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THEATRE PLAYBILL: THEATRE, COVENTRY. Second Night!!… The Celebrated Distin Family.



A rare playbill from the Coventry Theatre, presents The Celebrated Distin family, a famous family of musicians, who played a vital role in popularization of Saxhorns and brass music in England and the United States, with a major influence on the American Civil War bands. 

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This is a rare early illustrated playbill for theatre performances on the evening of April 21th, 1840, in the Coventry Theatre, featuring The Celebrated Distin Family on various brass instruments, accompanied by Mrs. Distin on Piano and a singer Mademoiselle Schiller from Berlin. The lower part of the playbill lists 19 musical numbers performed that evening.

The Distin Family was formed of a father John Distin, a former member of King George IV’s Household Band, and his four sons, George Frederick (1817–1848), Henry John (1819–1903),William Alfred (1822–1879), and Theodore (1823–1893), who performed on brass instruments. In the 1840s they became world famous for their modern music, played on a completely new instrument – the saxhorn.

The saxhorn family was developed by Adolphe Sax, a Belgian musician and inventor, who later became famous for inventing saxophone, during the mid-to-late 1830s, and was not patented until 1845. Only a year before, in 1844, Sax met The Distin Family, at the time extremely famous touring English musicians, in Vienna by coincidence and the quintet agreed to try the new instrument.  The Distin Family was, thank to their musical talent and theatrical performance, widely responsible for instant popularisation of the saxhorn and brass music in popular culture.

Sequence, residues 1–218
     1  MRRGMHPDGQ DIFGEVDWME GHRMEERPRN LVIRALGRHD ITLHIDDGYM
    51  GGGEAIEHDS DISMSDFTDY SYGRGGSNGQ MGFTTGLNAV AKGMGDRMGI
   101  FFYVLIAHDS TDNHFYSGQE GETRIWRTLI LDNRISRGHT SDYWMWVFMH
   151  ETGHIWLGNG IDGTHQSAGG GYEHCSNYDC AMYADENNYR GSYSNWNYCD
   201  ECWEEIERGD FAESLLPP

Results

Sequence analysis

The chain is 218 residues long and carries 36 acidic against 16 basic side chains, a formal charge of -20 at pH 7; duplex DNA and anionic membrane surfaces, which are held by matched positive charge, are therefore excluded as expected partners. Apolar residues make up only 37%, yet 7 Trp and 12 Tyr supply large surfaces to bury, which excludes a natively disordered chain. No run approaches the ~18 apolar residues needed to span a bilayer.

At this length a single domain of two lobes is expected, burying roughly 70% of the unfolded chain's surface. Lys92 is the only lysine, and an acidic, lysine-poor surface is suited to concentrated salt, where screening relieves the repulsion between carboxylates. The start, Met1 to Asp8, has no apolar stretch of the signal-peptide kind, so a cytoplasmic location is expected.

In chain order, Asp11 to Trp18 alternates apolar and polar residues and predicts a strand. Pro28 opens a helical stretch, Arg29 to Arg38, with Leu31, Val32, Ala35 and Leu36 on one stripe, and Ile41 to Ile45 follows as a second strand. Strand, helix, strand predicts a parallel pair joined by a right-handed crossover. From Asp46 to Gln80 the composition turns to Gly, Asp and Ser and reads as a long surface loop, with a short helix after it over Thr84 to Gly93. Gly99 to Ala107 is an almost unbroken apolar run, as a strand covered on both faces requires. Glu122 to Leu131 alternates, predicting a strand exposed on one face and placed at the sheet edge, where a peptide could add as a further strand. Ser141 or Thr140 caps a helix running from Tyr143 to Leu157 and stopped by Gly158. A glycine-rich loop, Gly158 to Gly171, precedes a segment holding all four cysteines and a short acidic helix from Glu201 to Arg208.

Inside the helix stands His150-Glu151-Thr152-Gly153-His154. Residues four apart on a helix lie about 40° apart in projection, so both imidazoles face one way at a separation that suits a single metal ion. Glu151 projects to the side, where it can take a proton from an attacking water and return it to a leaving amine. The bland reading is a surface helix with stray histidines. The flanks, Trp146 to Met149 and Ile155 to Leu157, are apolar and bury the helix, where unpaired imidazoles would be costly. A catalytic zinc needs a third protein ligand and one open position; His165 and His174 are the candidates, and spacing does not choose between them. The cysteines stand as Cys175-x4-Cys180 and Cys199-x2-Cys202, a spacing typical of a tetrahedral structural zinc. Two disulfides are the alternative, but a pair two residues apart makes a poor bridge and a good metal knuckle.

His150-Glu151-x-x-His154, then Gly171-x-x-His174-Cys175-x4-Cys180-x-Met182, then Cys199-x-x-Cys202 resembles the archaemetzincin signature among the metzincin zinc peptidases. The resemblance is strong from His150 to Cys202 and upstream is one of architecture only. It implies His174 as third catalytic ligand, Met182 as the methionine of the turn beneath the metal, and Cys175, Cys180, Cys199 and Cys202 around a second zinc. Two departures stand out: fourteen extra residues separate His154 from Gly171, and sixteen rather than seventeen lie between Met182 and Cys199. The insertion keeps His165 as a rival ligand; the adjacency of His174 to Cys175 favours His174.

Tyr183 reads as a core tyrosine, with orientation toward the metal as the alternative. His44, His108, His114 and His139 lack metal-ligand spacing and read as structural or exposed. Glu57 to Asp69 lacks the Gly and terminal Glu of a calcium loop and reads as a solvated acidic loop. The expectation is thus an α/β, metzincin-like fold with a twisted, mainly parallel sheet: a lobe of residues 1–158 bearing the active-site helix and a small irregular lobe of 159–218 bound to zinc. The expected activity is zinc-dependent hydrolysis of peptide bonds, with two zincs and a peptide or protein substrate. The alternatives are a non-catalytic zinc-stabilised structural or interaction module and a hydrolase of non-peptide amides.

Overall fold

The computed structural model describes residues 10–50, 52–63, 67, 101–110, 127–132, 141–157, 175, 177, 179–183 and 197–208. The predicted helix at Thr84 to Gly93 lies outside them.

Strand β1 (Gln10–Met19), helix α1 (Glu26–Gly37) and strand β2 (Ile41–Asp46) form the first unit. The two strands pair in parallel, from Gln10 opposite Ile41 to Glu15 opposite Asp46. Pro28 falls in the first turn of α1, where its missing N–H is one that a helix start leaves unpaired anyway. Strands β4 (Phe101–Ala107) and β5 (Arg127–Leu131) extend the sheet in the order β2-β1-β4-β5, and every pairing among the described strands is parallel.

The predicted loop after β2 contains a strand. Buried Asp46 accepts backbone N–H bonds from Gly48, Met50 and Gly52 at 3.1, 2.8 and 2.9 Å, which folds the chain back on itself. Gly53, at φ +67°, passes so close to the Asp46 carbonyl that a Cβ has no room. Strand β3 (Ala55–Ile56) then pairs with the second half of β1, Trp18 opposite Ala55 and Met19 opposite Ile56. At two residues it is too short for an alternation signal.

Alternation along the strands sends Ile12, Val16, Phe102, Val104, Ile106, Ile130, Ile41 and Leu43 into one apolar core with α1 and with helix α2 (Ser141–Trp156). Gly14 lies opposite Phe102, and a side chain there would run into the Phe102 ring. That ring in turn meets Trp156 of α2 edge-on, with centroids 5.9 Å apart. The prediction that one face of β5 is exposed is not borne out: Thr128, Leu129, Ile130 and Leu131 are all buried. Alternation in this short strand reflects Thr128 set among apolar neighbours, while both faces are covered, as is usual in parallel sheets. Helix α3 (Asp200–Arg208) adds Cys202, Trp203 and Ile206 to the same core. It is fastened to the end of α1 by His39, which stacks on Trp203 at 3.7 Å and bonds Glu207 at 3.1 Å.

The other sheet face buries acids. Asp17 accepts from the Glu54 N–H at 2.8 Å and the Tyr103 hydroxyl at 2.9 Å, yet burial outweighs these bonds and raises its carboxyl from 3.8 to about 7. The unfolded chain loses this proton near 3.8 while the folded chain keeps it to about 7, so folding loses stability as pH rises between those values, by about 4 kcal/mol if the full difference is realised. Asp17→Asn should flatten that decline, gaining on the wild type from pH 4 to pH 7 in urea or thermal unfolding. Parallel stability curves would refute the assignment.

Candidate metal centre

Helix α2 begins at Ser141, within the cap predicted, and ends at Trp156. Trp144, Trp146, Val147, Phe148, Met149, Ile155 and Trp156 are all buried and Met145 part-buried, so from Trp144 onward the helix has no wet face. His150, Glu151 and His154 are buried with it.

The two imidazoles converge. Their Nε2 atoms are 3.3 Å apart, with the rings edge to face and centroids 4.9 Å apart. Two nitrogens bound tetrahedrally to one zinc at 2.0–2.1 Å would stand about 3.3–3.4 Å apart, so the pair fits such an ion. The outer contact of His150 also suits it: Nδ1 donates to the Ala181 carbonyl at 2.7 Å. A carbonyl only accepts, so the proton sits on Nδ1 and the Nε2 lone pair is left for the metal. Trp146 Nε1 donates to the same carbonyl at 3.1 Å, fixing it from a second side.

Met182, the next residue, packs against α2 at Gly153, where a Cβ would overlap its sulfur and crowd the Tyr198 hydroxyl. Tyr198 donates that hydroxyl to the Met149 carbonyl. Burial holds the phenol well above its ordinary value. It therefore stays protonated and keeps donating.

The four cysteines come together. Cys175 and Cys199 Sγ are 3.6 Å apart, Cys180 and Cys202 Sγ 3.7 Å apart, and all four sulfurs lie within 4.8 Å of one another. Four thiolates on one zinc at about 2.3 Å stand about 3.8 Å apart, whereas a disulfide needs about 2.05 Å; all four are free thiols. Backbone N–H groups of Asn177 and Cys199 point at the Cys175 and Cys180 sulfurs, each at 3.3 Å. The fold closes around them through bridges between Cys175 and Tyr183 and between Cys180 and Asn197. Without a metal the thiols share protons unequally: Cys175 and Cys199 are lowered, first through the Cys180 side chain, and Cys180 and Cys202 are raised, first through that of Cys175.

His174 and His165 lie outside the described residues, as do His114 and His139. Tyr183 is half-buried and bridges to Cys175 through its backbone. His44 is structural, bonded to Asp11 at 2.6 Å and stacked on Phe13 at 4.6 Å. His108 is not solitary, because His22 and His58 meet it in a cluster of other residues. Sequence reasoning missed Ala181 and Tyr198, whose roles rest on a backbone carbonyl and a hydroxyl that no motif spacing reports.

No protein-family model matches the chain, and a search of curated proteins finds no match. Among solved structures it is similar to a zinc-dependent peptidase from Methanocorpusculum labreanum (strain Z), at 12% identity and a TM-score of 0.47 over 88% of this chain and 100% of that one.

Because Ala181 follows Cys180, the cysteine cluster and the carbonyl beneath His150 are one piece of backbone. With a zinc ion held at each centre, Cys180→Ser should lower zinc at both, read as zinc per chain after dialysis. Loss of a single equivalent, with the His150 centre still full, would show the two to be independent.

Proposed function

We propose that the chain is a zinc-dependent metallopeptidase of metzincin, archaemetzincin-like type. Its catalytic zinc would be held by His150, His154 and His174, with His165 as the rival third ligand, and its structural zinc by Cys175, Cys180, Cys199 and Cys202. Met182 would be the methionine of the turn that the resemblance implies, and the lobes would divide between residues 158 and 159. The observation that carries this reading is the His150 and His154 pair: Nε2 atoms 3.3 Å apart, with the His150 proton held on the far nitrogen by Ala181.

A German composer Heinrich Marschner wrote about the Distin Family in The Musical Gazette (vol. I, no. 14, pg. 107, Boston, August 3rd, 1846).

These artists use their splendid instruments (the saxhorns) with a most remarkable superiority; and I feel bound to testify that their execution really leaves nothing to be desired. An ensemble so perfect has never been heard.  These five artists play as if they were but one man.  To say how great, how profound was the impression which they produced upon the public, is an impossibility; during their entire concert, nothing like the slightest idea of criticism could enter the minds of their audience.

In 1849 The Distin Family, or The Distins, as they were newly called, left for a tour of North America. The performances in New York, where they were supposed to appear in 40 shows, were a financial failure due to a Cholera epidemic, which scared away the audience.

After returning to Europe, one of the sons, Henry Distin, founded his own successful instrumental manufacturing, still cooperating with Adolphe Sax. After selling the firm, what would later become the firm Boosey & Hawkes, he moved tot he United States in 1876, where he founded another musical company Henri Distin Manufacturing Company. The popularisation of the saxhorn instrument and the brass music through The Distin Family in 1840s and 1850s had a large influence on the United States and in 1860s the saxhorn became the most common brass instrument in American Civil War bands.

Because of their influence on the popular music, especially in the North America, the life and itinerary of the Distin Family is well researched. This performance by The Distin Family is not recorded in contemporary literature (Ray Farr, The Distin Legacy: The Rise of the Brass Band in 19th-Century Britain, 2013. Distin Diaries) We could not find any records of this playbill in institutions worldwide. 

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